Protect Our Defenders News Blog


PRESS RELEASE: Protect Our Defenders Responds to Inaccurate, Unfounded Criticisms of Military Justice Improvement Act


November 19, 2013 Contact: Brian Purchia,



Washington, DC — Today, a majority of U.S. Senators have come out in support of the Military Justice Improvement Act (MJIA) — the only proposed legislation in the Senate that offers fundamental reform to a broken military justice system. However, in recent days those opposed to the legislation have circulated inaccurate, even unfounded criticisms of Senator Kirsten Gillibrand’s proposed amendment to the 2014 NDAA.

Military brass has had decades to deal with the fundamental issue fueling this national disgrace — they have not. In Sept. 1992, according to a LA Times story, then Acting Navy Secretary Sean O’Keefe said:,“several lawmakers” responding to the then recent Tailhook scandal  “proposed stripping the armed services of their role in probing sexual molestation cases.” To counter this initiative, military leaders offered their own set of alternative reforms and declared they were serious about addressing this issue. O’Keefe said, “We get it. Our senior leadership is totally committed to confronting this problem and demonstrating that sexual harassment will not be tolerated. Those who don’t get the message will be driven from our ranks.” More than twenty years later Air Force Chief of Staff General Mark Welsh said, “[Sexual assault] just has the potential to rip the fabric of your force apart. I think it is doing that to a certain extent now.”

Protect Our Defenders President Nancy Parrish released the following statement in response to the opposition’s inaccurate, even unfounded criticisms of the MJIA.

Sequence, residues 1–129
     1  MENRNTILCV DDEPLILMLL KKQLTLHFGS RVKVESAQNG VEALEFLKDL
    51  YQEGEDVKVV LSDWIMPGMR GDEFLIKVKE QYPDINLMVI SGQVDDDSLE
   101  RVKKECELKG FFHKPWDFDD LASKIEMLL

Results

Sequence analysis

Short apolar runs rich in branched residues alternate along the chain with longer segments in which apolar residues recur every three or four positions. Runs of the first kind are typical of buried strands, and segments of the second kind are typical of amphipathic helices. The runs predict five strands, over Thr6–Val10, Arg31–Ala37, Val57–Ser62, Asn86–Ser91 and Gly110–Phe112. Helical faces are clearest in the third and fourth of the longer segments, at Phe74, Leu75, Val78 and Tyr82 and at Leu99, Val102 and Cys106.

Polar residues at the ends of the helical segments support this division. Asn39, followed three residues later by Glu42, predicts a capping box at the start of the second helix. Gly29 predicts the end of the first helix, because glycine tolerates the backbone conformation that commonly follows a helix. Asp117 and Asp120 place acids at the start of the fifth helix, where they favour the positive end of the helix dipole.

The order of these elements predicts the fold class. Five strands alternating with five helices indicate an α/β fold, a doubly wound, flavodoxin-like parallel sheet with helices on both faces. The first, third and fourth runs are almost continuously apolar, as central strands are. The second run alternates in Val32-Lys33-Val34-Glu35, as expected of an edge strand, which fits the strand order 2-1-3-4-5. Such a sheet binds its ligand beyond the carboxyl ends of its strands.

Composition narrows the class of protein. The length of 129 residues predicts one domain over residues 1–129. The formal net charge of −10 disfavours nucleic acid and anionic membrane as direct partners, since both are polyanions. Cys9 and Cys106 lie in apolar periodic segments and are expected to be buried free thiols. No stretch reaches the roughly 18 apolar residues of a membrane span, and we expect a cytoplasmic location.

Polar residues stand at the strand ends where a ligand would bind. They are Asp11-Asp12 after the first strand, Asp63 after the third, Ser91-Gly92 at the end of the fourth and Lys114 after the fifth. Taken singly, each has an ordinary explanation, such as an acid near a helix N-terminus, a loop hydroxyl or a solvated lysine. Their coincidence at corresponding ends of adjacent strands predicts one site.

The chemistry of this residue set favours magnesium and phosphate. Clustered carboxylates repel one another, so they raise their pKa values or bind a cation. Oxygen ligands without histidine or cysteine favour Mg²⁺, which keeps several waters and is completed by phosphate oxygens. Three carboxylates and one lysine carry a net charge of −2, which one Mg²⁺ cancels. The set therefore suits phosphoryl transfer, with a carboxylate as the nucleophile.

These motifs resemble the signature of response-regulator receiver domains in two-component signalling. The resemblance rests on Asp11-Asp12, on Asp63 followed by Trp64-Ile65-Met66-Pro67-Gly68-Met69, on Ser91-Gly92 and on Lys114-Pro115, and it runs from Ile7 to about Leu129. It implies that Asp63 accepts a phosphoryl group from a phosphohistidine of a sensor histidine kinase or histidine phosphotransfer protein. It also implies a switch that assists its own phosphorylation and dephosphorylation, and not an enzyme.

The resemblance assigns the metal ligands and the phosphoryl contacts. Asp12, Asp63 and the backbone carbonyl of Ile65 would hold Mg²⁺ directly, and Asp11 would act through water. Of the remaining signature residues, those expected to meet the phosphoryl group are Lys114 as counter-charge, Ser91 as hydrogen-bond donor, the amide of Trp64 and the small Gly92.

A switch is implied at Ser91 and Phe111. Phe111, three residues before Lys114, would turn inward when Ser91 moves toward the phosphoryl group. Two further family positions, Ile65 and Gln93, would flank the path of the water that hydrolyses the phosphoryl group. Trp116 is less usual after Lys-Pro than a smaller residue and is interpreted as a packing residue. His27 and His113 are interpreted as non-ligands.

“Today, we have a bipartisan majority in the Senate supporting fundamental reform. The American public is on their side, and support is growing. Those who persist in denying justice to our troops will find themselves on the wrong side of history.

It is unconscionable that in the eleventh hour of the debate, in an obvious attempt to confuse the issues and blunt the rising support for fundamental reform, inaccurate, even unfounded criticisms of Senator Gillibrand’s proposed amendment to the 2014 NDAA have suddenly been exposed.

Below are point-by-point responses based in fact to unfounded criticisms of the Military Justice Improvement Act being circulated by the opposition:

1. Every change to existing law requires time to ensure conforming changes to regulations and instructions have time to be implemented. That has been true at every major and minor change to the UCMJ. Senator Gillibrand’s amendment is not any more burdensome on the Pentagon, in terms of the changes they will have to make, no matter which proposals end up as part of the 2014 NDAA. Senator Gillibrand’s amendment allows the Pentagon 180 days to implement the changes required by the 2014 NDAA. The current version of the 2014 NDAA already requires substantial revision to military regulations and instructions to comply with changes adopted in Committee.

2. The issues which arose during the past changes to the UCMJ (e.g. Article 120) were related to trial-level, constitutional criminal law procedural issues. Senator Gillibrand’s amendment does not change, nor address, such trial level constitutional criminal law procedure issues. Rather, Senator Gillibrand’s amendment simply changes the structure of Convening Authority power, which on its face raises no such constitutional issues. The opposition raises no specific concerns in this area. Despite the fact that every change in legislation related to the UCMJ hypothetically could raise ‘constitutional’ issues, the limited scope of Senator Gillibrand’s amendment minimizes such potential issues.

3. Rather than creating two parallel systems of justice, Senator Gillibrand’s amendment utilizes the current Convening Authority system. The only change is that the Convening Authority loses discretion in referring a particular class of cases, but once such disposition decision is made, the referral process continues as under the current system.